questions of competence and commitment to tourism promotion
Tanzania tourism minister calls UNESCO World Heritage Committee an insignificant entity
(eTN) - The utterances of politicians in East Africa are legendary and legion, but the Tanzanian Minister for Natural Resources and Tourism, Ezekiel Maige, outdid himself when calling the UNESCO World Heritage Committee an "insignificant entity from which we (meaning the megalomaniac us, as in I) cannot take orders."
Maige was quoted in Tanzanian media following calls to his office making inquiries over a range of issues related to Tanzania’s clouded relationship with UNESCO, over a range of World Heritage sites like the Serengeti, the Selous Game Reserve, and the abrupt withdrawal of an application for recognition for the Eastern Arc Mountains and their forests, now thought to be the target for economic rape and plunder.
Other countries, like the Seychelles, are keen to see more sites recognized as UNESCO World Heritage sites to promote greater global visibility, while Kenya recently celebrated the inclusion of Fort Jesus in Mombasa and of the alkaline Rift Valley Lakes of Elementaita, Nakuru, and Bogoria as a major event, helping them in the promotion of tourism. Not so in Tanzania it seems.
While bemoaning the lack of equal success in having tourists come to Tanzania as compared to say South Africa or even neighboring Kenya, in regard of the latter often rooted in sheer envy and long inbred sentiments continuously promoted by self-seeking politicians aiming to detract from their own abysmal performance records, such slaps in the face of globally-recognized institutions tasked by the UN to promote the recognition of culture and history, are only bound to raise yet more questions of competence and commitment to the promotion of tourism, which indeed could be an engine of economic growth in Tanzania.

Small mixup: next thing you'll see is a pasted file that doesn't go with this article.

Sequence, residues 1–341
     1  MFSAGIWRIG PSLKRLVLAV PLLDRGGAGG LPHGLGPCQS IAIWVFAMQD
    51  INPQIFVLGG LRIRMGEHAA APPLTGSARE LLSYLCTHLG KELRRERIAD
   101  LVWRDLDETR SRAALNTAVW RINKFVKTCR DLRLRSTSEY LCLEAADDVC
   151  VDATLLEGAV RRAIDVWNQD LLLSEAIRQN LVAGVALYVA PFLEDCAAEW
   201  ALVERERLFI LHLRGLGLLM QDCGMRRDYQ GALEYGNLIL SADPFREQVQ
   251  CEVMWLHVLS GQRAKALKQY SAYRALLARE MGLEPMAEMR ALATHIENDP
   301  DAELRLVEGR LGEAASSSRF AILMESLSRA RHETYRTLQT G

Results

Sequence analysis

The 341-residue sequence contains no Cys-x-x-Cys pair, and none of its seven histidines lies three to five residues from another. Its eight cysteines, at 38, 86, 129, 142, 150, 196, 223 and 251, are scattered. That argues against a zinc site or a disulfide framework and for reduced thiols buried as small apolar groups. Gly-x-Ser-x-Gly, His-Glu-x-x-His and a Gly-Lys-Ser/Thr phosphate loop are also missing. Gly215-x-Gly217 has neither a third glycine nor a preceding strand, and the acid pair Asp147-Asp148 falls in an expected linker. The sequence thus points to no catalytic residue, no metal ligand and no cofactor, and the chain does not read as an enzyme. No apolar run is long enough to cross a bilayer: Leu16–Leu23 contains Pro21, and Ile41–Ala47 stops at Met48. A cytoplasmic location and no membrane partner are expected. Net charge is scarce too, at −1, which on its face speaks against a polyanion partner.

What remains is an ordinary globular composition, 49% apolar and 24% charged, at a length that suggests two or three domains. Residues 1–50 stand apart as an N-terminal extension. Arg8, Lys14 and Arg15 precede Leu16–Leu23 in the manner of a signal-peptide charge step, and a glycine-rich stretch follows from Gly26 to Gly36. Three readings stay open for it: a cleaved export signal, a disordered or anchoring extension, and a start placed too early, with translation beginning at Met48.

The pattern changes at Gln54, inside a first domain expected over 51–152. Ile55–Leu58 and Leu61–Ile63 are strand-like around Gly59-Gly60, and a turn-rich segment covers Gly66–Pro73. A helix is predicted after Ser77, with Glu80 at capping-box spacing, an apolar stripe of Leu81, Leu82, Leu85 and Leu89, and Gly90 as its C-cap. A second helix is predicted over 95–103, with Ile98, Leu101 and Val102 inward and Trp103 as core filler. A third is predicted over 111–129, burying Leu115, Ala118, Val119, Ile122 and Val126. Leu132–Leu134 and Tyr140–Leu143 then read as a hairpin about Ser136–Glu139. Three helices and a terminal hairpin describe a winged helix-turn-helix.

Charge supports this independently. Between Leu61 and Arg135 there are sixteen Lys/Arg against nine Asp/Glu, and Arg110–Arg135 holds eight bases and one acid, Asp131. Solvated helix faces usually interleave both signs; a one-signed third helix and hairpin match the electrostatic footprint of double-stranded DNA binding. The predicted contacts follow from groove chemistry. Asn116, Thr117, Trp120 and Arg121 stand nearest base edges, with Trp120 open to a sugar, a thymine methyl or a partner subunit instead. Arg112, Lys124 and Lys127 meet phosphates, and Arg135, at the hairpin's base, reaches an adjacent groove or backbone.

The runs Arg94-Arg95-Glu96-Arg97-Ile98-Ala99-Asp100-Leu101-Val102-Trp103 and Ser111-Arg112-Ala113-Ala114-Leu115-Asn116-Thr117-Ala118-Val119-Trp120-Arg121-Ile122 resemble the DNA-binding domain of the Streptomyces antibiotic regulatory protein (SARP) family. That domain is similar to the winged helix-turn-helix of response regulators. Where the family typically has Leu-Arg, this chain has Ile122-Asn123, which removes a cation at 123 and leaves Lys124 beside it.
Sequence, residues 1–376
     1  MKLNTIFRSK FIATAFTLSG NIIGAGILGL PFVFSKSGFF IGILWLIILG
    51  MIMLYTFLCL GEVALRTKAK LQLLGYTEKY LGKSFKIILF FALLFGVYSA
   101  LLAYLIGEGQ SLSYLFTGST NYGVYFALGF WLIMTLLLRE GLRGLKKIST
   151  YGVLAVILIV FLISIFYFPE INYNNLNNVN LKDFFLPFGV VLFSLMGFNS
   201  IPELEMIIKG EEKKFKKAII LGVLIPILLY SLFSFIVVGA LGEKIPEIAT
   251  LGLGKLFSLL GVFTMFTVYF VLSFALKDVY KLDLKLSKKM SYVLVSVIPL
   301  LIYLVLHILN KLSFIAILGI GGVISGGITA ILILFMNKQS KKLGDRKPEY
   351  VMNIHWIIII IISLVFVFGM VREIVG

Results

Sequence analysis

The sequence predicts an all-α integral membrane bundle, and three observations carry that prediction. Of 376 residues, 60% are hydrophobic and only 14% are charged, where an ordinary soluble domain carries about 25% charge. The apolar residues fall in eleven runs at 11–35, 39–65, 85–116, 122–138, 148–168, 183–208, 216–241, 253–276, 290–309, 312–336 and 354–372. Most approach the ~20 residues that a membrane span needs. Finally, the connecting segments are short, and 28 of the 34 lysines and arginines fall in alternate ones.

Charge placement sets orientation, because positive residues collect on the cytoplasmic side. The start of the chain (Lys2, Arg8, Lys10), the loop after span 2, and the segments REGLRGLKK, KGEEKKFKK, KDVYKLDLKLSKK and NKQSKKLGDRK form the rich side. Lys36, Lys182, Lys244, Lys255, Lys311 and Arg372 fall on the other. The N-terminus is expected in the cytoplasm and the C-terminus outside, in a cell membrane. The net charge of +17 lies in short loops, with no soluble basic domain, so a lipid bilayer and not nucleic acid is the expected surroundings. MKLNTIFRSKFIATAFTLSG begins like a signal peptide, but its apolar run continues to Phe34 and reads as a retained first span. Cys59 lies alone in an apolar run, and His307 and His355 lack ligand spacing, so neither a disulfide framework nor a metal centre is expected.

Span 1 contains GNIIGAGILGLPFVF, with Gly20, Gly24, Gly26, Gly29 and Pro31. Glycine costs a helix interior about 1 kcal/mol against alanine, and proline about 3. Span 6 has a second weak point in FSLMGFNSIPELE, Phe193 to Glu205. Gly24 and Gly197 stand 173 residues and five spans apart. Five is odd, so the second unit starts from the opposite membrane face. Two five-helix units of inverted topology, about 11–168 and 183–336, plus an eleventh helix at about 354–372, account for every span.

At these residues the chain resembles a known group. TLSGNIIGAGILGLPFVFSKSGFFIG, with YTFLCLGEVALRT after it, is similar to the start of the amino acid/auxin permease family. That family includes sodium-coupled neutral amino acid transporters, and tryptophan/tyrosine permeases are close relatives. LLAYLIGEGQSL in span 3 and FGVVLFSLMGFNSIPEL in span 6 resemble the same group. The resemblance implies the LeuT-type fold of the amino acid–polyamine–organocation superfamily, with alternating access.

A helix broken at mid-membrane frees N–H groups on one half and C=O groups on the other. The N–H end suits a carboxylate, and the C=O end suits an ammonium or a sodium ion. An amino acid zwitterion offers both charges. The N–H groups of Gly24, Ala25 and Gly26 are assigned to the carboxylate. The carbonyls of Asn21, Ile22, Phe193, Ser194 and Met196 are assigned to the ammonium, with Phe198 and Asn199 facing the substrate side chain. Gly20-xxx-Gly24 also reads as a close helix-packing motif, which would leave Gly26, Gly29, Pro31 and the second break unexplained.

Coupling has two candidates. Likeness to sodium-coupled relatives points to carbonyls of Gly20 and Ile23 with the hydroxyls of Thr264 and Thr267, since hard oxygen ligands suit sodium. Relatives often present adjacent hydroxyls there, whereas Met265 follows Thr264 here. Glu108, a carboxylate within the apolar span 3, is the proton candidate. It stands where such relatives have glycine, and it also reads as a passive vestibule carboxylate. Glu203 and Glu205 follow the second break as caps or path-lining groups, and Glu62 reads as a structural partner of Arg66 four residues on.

Other sources literally accused the Tanzanian government of lying in regard to the planned uranium mining in the Selous Game Reserve, pointing at the nonchalant comments made by the same minister in regard of dangers of uranium mining and the remaining deposits of mining aggregates left on site, which in other countries continue to dog administrations for decades now of how to deal with the fallout and clean up the environment.
The same sources pointed out that no environmental impact assessment was in place by any internationally-recognized institution or organization about the dangers of mining for this hugely radioactive material inside the game reserve, nor for the need of an access road network to the mining site, the establishment of workers camps and installation of machinery and plants, nor its social impact on communities living near the site, or vis-a-vis increased poaching of game.
Finally, contradicting the minister's earlier statement that UNESCO had "agreed," UNESCO issued a statement at the end of June following the latest committee session, saying that Tanzania’s World Heritage sites may yet be declared as "in danger" should any developments go ahead without observing all required regulations first.
And it is the designation of "in danger" or the loss of the UNESCO World Heritage site stamp of approval Tanzania’s tourism industry should be concerned about, as it would indeed throw the spanners into the proverbial works when it comes to successfully promoting the country as a safari destination with an environmental conscience.